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Texas


Rick Perry: Running for President of Texas?

Governor Perry has mentioned Texas 83 times in his five GOP presidential debates - more than four times the number any other candidate has referred to any other state.

Remember When? Bachmann Once Led the Cheers for Ron Paul 2012 Candidacy

Less than two years ago, Bachmann was Paul's opening act and applauded his prospective 2012 candidacy; on Monday the two U.S. Representatives share the New Hampshire stage as equals.

Apologygate: Could Joe Barton Lose His U.S. House Seat?

Barton has enjoyed a 39-point average margin of victory since 1984

U.S. Military Service in the U.S. House of Representatives

GOP caucus has 60 percent higher rate of service than Democratic caucus; 17 state delegations have no members with military background

The Top 50 Most Competitive U.S. House Districts in the Nation (2002-2008)

Jim Gerlach's PA-06 seat is the only U.S. House district in the nation decided by less than 10 points in each of the last four election cycles; Democrats currently hold 35 of the Top 50 most competitive seats

Live Blog: Texas Caucuses

11:40 p.m. A total of 67 delegates are tied to the Democratic caucuses in Texas tonight. Returns are just starting to trickle in. Obama has won 11 of 13 caucus contests to date. 11:42 p.m. Democratic (5% reporting) Obama = 56% Clinton = 44% 12:19 a.m. Democratic (13% reporting) Obama...

Live Blog: Texas Primary

7:09 p.m. On the Democratic side 126 delegates are tied to Texas' primary while another 67 delegates are tied to the Texas Democratic caucuses - also held tonight. 8:05 p.m. CNN, NBC News, and Fox News characterize the Democratic race in Texas as 'too close to call,' and call the...

Pollsters Do Not Inspire Confidence On the Eve of OH, TX Primaries

As even the casual political bystander has learned during the past two months of the primary season, the influx of political polling in Campaign 2008 has given pollsters more and more opportunities...to miss the mark. New Hampshire and California have been the two biggest black eyes on survey research firms...

Poll Roundup: The March 4th Primaries (Democrats)

With less than 72 hours before polls close in four primary states on Tuesday, Barack Obama and Hillary Clinton appear to be headed for a draw. With Obama leading in the delegate count, a draw would continue his path to the Democratic nomination. However, if Clinton wins 2 states and/or...



Political Crumbs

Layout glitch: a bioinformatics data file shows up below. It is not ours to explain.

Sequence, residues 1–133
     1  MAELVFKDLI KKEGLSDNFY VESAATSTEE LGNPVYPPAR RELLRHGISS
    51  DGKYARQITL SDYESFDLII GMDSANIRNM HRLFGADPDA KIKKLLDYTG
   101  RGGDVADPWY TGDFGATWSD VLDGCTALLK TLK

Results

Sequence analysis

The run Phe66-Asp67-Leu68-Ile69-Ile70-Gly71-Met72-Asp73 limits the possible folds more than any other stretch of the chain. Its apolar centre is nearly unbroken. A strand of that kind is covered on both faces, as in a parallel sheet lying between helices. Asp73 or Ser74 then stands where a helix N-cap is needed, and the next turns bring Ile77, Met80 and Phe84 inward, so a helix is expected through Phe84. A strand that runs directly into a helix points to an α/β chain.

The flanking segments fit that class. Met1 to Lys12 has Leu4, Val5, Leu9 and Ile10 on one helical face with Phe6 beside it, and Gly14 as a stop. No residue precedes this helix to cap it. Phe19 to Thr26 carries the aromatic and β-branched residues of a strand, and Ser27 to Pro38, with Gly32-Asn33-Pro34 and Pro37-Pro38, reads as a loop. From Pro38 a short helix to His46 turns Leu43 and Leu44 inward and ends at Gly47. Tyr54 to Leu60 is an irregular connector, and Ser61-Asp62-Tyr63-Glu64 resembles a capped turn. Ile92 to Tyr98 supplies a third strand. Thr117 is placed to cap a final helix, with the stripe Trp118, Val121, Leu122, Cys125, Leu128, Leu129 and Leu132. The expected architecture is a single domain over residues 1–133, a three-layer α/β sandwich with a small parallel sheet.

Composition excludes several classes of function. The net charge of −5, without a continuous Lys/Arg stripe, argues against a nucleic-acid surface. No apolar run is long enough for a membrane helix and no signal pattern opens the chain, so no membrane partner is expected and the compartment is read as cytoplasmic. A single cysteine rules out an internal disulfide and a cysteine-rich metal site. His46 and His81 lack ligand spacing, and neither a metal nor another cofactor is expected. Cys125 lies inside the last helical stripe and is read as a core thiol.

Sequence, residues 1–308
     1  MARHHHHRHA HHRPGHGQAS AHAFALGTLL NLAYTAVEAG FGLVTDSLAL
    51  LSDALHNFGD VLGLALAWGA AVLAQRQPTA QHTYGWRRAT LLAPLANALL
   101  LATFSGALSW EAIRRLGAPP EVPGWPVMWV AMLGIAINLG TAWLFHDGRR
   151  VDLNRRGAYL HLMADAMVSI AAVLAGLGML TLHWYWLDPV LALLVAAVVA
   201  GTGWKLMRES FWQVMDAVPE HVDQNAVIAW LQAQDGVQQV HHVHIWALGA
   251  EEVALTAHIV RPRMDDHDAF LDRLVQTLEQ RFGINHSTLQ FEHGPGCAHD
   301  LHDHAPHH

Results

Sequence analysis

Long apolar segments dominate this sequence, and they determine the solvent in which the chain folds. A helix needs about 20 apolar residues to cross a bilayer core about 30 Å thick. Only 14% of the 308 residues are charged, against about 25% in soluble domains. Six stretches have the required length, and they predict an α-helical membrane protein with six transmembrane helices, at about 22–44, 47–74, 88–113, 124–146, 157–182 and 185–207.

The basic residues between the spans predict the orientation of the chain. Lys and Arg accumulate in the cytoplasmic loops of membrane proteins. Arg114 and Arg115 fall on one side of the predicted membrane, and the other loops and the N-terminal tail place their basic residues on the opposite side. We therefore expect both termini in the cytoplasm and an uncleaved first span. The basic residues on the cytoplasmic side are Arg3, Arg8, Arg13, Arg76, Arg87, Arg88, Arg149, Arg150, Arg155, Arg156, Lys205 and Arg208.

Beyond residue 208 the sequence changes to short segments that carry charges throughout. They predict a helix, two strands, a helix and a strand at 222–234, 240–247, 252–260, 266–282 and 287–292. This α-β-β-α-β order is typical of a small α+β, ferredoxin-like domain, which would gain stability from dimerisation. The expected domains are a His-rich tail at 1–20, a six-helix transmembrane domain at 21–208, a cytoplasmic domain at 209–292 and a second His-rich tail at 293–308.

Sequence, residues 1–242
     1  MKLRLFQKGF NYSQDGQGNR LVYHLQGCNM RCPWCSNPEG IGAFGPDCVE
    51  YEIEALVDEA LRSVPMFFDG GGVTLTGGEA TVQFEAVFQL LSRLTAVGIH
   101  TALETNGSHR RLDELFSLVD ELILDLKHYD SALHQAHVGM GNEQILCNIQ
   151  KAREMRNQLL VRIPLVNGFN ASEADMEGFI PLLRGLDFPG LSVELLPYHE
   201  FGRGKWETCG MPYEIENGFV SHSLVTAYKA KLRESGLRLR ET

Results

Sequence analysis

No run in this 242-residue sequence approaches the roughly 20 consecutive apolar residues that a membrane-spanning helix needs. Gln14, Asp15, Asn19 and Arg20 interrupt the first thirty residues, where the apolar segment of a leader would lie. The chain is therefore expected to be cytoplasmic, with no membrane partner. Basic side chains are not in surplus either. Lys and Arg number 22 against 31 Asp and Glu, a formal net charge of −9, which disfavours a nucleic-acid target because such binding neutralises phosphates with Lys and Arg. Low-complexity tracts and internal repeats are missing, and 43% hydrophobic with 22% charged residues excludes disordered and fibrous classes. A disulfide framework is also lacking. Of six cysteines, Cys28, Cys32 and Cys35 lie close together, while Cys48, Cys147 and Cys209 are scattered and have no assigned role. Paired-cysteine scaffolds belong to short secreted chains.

Strike Three for Miller-Meeks

Iowa Republicans had a banner day on November 4th, picking up both a U.S. Senate seat and one U.S. House seat, but Mariannette Miller-Meeks' defeat in her third attempt to oust Democrat Dave Loebsack in the 2nd CD means the GOP will not have a monopoly on the state's congressional delegation in the 114th Congress. The loss by Miller-Meeks (following up her defeats in 2008 and 2010) means major party nominees who lost their first two Iowa U.S. House races are now 0 for 10 the third time around in Iowa history. Miller-Meeks joins Democrat William Leffingwell (1858, 1868, 1870), Democrat Anthony Van Wagenen (1894, 1912 (special), 1912), Democrat James Murtagh (1906, 1914, 1916), Democrat Clair Williams (1944, 1946, 1952), Democrat Steven Carter (1948, 1950, 1956), Republican Don Mahon (1966, 1968, 1970), Republican Tom Riley (1968, 1974, 1976), Democrat Eric Tabor (1986, 1988, 1990), and Democrat Bill Gluba (1982, 1988, 2004) on the Hawkeye State's Three Strikes list.


Larry Pressler Wins the Silver

Larry Pressler may have fallen short in his long-shot, underfunded, and understaffed bid to return to the nation's upper legislative chamber, but he did end up notching the best showing for a non-major party South Dakota U.S. Senate candidate in more than 90 years. Pressler won 17.1 percent of the vote which is the best showing for an independent or third party U.S. Senate candidate in the state since 1920 when non-partisan candidate Tom Ayres won 24.1 percent in a race won by Republican Peter Norbeck. Overall, Pressler's 17.1 percent is good for the second best mark for a non-major party candidate across the 35 U.S. Senate contests in South Dakota history. Independent and third party candidates have appeared on the South Dakota U.S. Senate ballot just 25 times over the last century and only three have reached double digits: Pressler in 2014 and Ayres in 1920 and 1924 (12.1 percent). Pressler's defeat means he won't become the oldest candidate elected to the chamber in South Dakota history nor notch the record for the longest gap in service in the direct election era.


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